In addition to having a huge catalog of languages, Cultureverse also features a massive spectrum of sounds. Can you tell me about what it was like to collect all of these sounds?
It was a journey! In terms of sounds, we have an incredible sound design team, some of which are composers so they add their own sample mixes into the sound design.
But in regard to collecting voices, it was pretty difficult. Before we hired any actors we voiced everything ourselves and created a sound design skeleton for each episode to see if the rhythm, pacing, and scenes worked. Each episode probably went through ten revisions before it got to the real actors. We really pay attention to detail in our productions, that’s why our soundscape is so immersive, we want it to feel like you’re listening to a movie.
Studio Ochenta releases a huge variety of podcasts that cover a huge spectrum of narrative structures. How do you find producing fictional story-telling podcasts compared to biographical or conversational ones?
Our journalistic policy at Studio Ochenta is that we do research for anything we do. This is due in part to my journalistic background, but also due to principle. I mean, if you’re going to write about spaceships, you should know about spaceships! If you’re going to write about Chinese historical immigration policy, you should know a little about it, right? To us, this logic stands for any topic, big or small.
We do a huge amount of research for our fiction and documentary podcasts because that’s what’s going to be the foundation of the content. Doing thorough research gives our narratives more legitimacy and gives us more free license to play around with our newfound knowledge. When we’re educated and engaged with a topic that means our content will be too.
Considering your own fluencies and passion for languages, how do you feel about how languages are taught in academia?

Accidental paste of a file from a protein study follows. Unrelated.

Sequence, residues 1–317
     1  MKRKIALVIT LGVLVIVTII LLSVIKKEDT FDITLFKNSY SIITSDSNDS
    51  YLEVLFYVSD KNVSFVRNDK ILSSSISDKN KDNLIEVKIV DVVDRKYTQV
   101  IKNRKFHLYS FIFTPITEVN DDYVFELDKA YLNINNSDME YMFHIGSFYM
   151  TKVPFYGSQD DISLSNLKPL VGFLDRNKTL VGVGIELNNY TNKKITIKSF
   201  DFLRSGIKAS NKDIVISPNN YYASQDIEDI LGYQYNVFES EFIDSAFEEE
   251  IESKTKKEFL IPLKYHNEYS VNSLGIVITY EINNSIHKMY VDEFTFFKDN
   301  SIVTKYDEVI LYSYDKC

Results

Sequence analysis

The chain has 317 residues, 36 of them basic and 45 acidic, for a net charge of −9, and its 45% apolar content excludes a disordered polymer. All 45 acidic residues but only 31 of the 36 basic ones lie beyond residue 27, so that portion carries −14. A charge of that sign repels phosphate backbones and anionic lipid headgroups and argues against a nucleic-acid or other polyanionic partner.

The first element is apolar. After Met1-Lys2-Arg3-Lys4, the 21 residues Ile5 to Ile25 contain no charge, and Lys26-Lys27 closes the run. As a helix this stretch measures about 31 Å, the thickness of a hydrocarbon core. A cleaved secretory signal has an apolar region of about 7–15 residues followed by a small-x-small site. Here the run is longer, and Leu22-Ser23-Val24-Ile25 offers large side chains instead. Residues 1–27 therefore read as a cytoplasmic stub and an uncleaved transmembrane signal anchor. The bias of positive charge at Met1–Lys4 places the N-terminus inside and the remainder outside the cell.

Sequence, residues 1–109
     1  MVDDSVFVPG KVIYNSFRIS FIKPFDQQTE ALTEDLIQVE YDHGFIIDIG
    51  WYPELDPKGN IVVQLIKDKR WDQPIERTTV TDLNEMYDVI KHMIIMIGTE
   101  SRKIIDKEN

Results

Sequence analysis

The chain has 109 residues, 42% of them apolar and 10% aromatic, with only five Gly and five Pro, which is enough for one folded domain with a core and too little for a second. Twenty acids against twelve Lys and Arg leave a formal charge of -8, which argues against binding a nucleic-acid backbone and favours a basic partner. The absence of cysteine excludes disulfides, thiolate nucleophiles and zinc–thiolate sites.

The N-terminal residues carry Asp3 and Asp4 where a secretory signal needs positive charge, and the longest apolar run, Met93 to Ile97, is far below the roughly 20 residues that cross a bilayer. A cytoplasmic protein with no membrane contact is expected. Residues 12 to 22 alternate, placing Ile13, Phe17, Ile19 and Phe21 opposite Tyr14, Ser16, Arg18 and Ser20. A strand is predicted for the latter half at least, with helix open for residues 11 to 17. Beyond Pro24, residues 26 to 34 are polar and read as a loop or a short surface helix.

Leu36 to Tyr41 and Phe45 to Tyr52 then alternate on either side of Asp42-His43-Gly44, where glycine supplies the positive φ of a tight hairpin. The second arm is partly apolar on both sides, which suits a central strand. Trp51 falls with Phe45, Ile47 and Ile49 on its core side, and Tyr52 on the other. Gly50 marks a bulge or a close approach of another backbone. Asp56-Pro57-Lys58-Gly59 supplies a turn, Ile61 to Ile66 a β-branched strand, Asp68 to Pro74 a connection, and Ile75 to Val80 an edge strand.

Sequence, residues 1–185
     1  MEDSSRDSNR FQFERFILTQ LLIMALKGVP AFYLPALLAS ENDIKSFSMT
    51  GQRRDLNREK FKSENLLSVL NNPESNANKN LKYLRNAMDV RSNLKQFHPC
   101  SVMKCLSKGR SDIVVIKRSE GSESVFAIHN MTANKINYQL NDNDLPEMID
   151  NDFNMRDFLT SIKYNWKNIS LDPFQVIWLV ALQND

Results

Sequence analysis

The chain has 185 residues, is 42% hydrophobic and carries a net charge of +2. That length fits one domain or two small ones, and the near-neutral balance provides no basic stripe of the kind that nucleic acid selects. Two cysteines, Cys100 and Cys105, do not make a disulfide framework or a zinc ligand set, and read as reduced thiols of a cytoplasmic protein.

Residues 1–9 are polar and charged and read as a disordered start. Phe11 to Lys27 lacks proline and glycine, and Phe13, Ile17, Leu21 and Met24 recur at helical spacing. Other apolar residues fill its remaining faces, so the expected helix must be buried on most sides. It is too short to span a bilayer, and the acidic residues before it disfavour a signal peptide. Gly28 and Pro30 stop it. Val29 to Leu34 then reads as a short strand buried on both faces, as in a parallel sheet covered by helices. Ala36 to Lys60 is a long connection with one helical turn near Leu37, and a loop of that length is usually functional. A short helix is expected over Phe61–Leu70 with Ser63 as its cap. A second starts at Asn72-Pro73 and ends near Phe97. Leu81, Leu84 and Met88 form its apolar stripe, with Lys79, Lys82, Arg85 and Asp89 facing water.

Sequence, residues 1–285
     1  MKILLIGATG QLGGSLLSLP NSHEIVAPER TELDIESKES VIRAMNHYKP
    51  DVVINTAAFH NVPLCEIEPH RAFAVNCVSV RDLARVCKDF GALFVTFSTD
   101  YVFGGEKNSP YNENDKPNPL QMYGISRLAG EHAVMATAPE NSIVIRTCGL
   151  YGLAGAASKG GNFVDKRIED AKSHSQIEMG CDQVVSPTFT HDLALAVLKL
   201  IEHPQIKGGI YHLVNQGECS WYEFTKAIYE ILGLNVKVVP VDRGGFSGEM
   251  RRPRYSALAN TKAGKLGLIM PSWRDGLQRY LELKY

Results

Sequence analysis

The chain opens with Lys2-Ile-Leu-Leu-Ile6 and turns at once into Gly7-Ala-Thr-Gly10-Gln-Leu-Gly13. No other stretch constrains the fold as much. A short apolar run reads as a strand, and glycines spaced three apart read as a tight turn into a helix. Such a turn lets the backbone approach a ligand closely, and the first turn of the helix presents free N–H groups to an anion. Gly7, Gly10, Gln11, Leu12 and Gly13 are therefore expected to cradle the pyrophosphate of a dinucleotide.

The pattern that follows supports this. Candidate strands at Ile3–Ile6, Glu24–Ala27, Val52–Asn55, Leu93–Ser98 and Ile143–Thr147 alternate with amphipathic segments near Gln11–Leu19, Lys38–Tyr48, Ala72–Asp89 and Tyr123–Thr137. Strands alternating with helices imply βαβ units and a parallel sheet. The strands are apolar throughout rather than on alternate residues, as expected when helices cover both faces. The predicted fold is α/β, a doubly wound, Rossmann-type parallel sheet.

I think that teaching languages in the right way is actually one of the big challenges of our time. Language learning is so difficult and we still have so many barriers to learning languages proficiently.
Even though English is used in a lot of international spaces, there are still many obstacles to learning it. For example, many of my French friends have a strange relationship with English. Maybe they didn’t enjoy learning it in school or they didn’t like their teacher or whatever and that singular incident has impacted their attitude towards the language on the whole. Now that’s crazy because most of the content they consume is probably in English, but because of these negative connotations, they don’t want to learn it.
The reality is that this is true for a lot of countries. I think students need to be taught languages in diverse ways, not just through literarily means. Topics such as linguistics and pronunciations really provide for a more holistic and honestly, fun learning experience and should be prioritized.
On the bright side, I do think the old rigid learning structure is changing. There are more and more multilingual schools emerging every year and even in the podcasting industry, international podcasts are becoming more popular than ever. Who knows, maybe in the future podcasts will become a part of language learning!
To finish, what is your all-time favorite sound?
Oh my gosh, hmm… Oh! My favorite sound to hear is the sound of the 7 train overground in NYC, Jackson Heights specifically, that’s my neighborhood.
Whenever I go home to visit and I hear it, it brings back all these amazing floods of memories. It’s so loud, particularly overground, and not like normal loud, like disruptive loud. There’s no way to avoid it, there’s no way to have a conversation near it, it’s all you can hear.
When I was a kid, my brother and I would stand near it and when it passed, we would scream and no one would be able to hear us. I just have such happy memories related to that train and to New York in general. Thinking of them makes me really happy.